The other Lukr tap that day was home to Piwko Pils, a 4.4% Polish style pale lager, hopped with Lubelski, Marynka, and Sybilla. The beer itself pours a touch paler than the Pilz, but shared that wonderful clarity, and a foamy cap that just wouldn't budge without a few gulps of it being taken. The aroma was earthy, almost reminding me of the tobacco character that I find in beers hopped with Fuggles. There was little malt aroma that was noticeable, though there was perhaps a hint of smokiness. That earthiness was dominant in the flavour department as well, backed up by a woodiness that made the bitterness of the beer feel almost rough and rustic, in the background were notes of fresh country bread. It wasn't really what I was expecting after the elegant Pilz, but it was certainly tasty, and the dry, almost puckering, finish actually reminded me of a Slovak beer I had a long time ago in a village close to the Slovak-Hungarian border, Gemer - before it got bought by Heineken that is. Having journeyed with Lech, my mind wandered west...

Gold was actually my first beer of the trip, at my favourite Austin hangout, Scholz Garten, alongside a glorious plate of wurst, kraut, and senf. This one was poured on the regular taps, and I am always happy to get a beer in a Willibecher, no other beer glass says Central Europe to me than the venerable becher. Gold, as you would expect, lives up to its name,  pouring a vibrant golden with a hefty firm head, propped up by the occasional tremulous bubble making its way up the glass. As I mentioned on Twitter, "proper lager isn't fizzy", and this is proper lager. Ah that crusty bread aroma, so indicative of pilsner malt, I love it, especially when it is joined by the floral nature of German noble hops. In an instant I am transported to mountain meadows, the jangling bells of livestock, and the urge to spend a sunny day sat outside a local braugasthof sampling the wares. Tastewise, Gold is subtly spicy with layers of lightly honeyed toast and gentle minerality in the finish. The mouthfeel was almost lascivious, satiny, and yet clean and crisp as all great lagers are, and this is a truly great lager. Say it quietly, but I think it is actually better than Pilz, and I would love to try a side by side tasting of this with Von Trapp's stellar Bavarian Pilsner.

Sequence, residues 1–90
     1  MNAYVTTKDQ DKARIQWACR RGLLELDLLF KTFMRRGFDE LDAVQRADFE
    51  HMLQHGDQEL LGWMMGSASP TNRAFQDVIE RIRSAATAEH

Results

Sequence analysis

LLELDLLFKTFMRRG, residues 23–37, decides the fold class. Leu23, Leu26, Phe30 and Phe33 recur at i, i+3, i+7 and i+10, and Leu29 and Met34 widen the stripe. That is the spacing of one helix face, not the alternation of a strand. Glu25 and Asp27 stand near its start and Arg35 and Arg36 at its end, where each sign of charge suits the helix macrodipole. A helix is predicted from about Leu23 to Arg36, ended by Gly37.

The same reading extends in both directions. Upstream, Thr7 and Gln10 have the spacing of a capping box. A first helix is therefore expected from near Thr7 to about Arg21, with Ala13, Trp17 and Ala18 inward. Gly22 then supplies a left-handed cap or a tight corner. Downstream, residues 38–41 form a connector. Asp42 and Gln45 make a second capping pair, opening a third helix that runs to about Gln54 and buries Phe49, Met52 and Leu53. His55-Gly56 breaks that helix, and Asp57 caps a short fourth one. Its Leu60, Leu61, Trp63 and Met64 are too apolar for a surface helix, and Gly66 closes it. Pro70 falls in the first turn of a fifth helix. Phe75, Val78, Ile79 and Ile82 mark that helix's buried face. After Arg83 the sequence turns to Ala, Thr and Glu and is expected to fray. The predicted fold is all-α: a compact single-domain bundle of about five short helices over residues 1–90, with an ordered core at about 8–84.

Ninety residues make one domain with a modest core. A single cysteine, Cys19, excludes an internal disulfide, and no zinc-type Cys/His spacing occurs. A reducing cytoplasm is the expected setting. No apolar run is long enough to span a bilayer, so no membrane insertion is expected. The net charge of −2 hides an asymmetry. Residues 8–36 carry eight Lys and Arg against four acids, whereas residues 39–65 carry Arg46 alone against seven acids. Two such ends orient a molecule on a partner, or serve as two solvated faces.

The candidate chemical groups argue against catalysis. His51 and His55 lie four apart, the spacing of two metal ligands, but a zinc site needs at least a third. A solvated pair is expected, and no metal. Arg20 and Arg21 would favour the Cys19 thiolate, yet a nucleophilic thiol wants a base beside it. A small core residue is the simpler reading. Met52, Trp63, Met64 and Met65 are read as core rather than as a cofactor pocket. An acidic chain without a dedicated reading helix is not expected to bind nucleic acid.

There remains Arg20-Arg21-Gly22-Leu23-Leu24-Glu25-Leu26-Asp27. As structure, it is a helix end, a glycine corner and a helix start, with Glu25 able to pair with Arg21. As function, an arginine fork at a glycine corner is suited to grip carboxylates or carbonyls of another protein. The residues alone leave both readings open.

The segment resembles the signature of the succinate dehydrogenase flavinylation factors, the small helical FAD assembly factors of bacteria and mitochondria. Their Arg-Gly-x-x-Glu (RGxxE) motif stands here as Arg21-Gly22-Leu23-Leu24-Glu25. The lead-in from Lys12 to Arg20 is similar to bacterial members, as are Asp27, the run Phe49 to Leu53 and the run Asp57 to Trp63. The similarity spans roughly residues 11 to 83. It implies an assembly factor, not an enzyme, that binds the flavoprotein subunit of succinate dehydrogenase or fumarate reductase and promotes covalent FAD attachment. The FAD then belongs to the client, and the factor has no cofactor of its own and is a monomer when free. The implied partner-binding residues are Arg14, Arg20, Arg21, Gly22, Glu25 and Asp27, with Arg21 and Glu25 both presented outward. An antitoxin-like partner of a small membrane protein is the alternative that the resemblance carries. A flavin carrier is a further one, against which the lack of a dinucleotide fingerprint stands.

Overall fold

With my tour de pils complete, I did move on to try other of Live Oak's offerings that day, but I had been joined by Ruvani of Amethyst Heels fame, along with the husband, and it would have been rude to take notes and pictures, so I didn't bother.

Wednesday, February 22, 2023


I mentioned in my previous post that I had once come across the concept of "Dortmunder malt" at some point in the dim and distant past, but couldn't remember where I saw it. With that particular point of interest once again piqued, I decided to bimble around various online sources and see what I could find out about this elusive type of malt, which if you recall was as pale as Pilsner malt whilst being fully modified in the Bavarian manner, which according to the Illustriertes Brauerei Lexikon by Max Delbrück in 1925 makes it part of the "langmalz" family of malt.

"Langmalz", according to Delbrück, undergoes extensive modification over a  longer period of time on the malting floor. Apparently it is possible for "langmalz" to be "too good" if it becomes overly modified. Such over-modification can apparently causes problems with head retention and the body of the beer, especially in "the production of pale beers". The last sentence of this section also notes that "langmalz" is used in the distillery, though here is means malt where the leaf germ is at least twice the length of the grain and at least 20 days old.

With the horrors there of the dangers of over-modification, best to just under modify and decoct right?

So we have a pretty decent idea of what Dortmunder Malt was, but malt doesn't just magic itself out of thin air, it is of course the product of an industrial process, meaning it needs inputs, in this case barley. As I learnt when I spent time with Murphy & Rude malting for my article in Pellicle, not all barley is suited to the malting process. It would appear that Dortmunder malt had a very specific need when it came to the barley from which it was made.

The description above confirms again the process for making Dortmunder malt, extended low kilning resulting in a pale, fully modified malt, but the barley itself needs to be high quality, low-protein barley of the type you would find in Saxony, Silesia, Bohemia, and Moravia, basically modern Czechia and the appropriate bordering regions in Germany and Poland. Given that in the late 19th century Emanuel Proskowetz was busily improving the Old-Haná barley to give the world the "Proskowetz Haná" strain and from there came Kneifl, Valtice, and Diamant, it is no surprise that the maltsters of Dortmund sourced their grain from the other side of Europe.